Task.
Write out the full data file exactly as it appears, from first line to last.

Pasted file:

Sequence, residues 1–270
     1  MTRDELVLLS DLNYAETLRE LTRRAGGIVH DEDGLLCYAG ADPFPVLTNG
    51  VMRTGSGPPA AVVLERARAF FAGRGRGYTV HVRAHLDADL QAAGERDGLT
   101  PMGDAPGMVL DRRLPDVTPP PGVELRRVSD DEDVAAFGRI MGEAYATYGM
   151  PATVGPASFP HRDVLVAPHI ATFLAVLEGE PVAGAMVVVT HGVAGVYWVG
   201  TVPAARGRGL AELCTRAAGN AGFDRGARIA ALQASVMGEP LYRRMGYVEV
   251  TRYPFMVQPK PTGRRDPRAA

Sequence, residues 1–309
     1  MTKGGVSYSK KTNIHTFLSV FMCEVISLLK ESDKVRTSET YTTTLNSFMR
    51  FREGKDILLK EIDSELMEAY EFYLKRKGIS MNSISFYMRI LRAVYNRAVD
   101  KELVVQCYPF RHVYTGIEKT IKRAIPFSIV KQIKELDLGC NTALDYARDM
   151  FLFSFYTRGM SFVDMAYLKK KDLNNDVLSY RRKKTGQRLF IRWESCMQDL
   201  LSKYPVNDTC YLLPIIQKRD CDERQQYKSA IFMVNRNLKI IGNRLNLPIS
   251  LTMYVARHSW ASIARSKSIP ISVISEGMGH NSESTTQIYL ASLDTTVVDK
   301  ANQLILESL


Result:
Sequence, residues 1–270
     1  MTRDELVLLS DLNYAETLRE LTRRAGGIVH DEDGLLCYAG ADPFPVLTNG
    51  VMRTGSGPPA AVVLERARAF FAGRGRGYTV HVRAHLDADL QAAGERDGLT
   101  PMGDAPGMVL DRRLPDVTPP PGVELRRVSD DEDVAAFGRI MGEAYATYGM
   151  PATVGPASFP HRDVLVAPHI ATFLAVLEGE PVAGAMVVVT HGVAGVYWVG
   201  TVPAARGRGL AELCTRAAGN AGFDRGARIA ALQASVMGEP LYRRMGYVEV
   251  TRYPFMVQPK PTGRRDPRAA

Sequence, residues 1–309
     1  MTKGGVSYSK KTNIHTFLSV FMCEVISLLK ESDKVRTSET YTTTLNSFMR
    51  FREGKDILLK EIDSELMEAY EFYLKRKGIS MNSISFYMRI LRAVYNRAVD
   101  KELVVQCYPF RHVYTGIEKT IKRAIPFSIV KQIKELDLGC NTALDYARDM
   151  FLFSFYTRGM SFVDMAYLKK KDLNNDVLSY RRKKTGQRLF IRWESCMQDL
   201  LSKYPVNDTC YLLPIIQKRD CDERQQYKSA IFMVNRNLKI IGNRLNLPIS
   251  LTMYVARHSW ASIARSKSIP ISVISEGMGH NSESTTQIYL ASLDTTVVDK
   301  ANQLILESL